CEOs are doing great, but…..
The economy’s doing great! Stocks are up! Unemployment’s way down! So why are two heads of household working full time and still qualifying for food stamps? Why do none of these gig economy gigs offer any benefits? Why are seniors skipping their meds on some days because they can’t make ends meet? Why are Walmart employees living in their cars? And why are people with college degrees saddled with a lifetime of debt in order to get better jobs yet working at fast food joints?
This is an interesting article, but one thing it leaves out. Unemployment went down a bit under Obama. It really went down under Trump. But they have sneakily changed the way they tabulate the number of unemployed to make us think that everytihng is just peachy. (It is for the CEOs making record profits and bonuses who buy our government.) They stopped counting those who have unsuccessfully been able to find work for a while. Wasn’t that easy? So yeah, unemployment will obviously go down when you stop counting the unemployed.
“The announced 3.9% unemployment rate is, as news reports mentioned, a low since 2000. But percentages are expressions of ratios: how much of one thing compares to another. The unemployment rate is the ratio of the number of unemployed people and the total workforce, which is the sum of the employed and unemployed.
Like any ratio, there a number of ways to change the value:
Move people out of the unemployed category into the employed while keeping the total workforce stable.
Increase the total number of employed workers faster than the number of unemployed ones.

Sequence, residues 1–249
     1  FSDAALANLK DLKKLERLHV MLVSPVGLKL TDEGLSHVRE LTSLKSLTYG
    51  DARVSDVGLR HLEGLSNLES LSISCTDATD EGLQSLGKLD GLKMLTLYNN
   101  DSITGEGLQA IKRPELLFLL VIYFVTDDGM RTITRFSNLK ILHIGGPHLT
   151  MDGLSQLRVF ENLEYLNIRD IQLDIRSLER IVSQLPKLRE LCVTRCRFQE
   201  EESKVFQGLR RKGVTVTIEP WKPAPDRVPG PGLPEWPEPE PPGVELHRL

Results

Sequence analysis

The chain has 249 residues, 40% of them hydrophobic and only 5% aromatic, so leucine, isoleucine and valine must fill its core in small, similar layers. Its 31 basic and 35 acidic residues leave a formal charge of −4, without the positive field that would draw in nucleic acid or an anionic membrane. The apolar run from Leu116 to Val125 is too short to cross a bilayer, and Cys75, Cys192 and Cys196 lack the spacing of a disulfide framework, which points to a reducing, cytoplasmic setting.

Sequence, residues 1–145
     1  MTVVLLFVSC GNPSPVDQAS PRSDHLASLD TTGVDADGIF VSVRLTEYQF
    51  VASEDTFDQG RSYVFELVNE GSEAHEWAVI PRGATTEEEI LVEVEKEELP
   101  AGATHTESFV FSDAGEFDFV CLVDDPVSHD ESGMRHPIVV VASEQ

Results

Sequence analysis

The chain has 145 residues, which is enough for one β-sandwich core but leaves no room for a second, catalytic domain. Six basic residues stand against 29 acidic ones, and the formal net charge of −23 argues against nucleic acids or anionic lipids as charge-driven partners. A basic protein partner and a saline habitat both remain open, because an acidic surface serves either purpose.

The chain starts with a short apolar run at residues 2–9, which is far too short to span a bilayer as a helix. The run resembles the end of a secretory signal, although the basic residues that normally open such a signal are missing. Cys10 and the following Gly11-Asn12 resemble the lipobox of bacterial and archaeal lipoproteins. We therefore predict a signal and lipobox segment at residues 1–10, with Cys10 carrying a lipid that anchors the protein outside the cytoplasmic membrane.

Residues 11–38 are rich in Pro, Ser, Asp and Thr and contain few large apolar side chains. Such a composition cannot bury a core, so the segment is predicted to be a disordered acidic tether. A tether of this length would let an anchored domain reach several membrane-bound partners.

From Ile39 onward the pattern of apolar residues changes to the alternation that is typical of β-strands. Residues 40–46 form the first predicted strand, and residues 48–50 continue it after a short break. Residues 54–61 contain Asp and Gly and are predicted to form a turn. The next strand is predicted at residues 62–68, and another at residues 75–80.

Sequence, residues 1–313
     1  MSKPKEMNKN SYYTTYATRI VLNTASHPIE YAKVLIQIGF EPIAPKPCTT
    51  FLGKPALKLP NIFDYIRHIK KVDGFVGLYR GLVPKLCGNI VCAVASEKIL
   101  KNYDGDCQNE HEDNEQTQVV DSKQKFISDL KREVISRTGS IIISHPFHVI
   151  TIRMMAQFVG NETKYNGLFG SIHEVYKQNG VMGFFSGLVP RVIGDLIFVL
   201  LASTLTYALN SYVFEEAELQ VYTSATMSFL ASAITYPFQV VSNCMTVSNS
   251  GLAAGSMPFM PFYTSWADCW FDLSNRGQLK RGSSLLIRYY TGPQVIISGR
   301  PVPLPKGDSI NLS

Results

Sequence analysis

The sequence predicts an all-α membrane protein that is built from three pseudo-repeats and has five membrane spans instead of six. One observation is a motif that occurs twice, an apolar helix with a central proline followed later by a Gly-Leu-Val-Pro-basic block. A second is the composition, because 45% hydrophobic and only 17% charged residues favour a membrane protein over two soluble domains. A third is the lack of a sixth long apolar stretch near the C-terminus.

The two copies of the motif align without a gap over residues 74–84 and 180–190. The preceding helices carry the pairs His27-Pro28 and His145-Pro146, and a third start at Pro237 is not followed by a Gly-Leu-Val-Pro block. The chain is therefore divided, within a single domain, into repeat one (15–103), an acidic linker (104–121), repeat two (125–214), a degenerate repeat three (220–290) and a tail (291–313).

Add more people into the employed category without changing anyone’s actual status.
Stop counting some in the unemployed category, making them “disappear.”
A change in definitions or an arbitrary categorization of people can shift the unemployment numbers as easily as putting more people who had been unemployed to work.
As some have pointed out about this round of monthly job numbers from the Bureau of Labor Statistics, a big factor for April was a loss of people counted as workers. When they are no longer counted, unemployment drops.
The table called Employment status of the civilian population by sex and age provides relevant data.
The number of jobs increased by 164,000 in April. But the number of unemployed dropped by 239,000 between March and April.
That is why the employment-population ratio — the percentage of all people of working age (16 and up, including people who have stopped looking for work) that are employed — dropped from 60.4% to 60.3%. More people disappeared from the labor rolls.”
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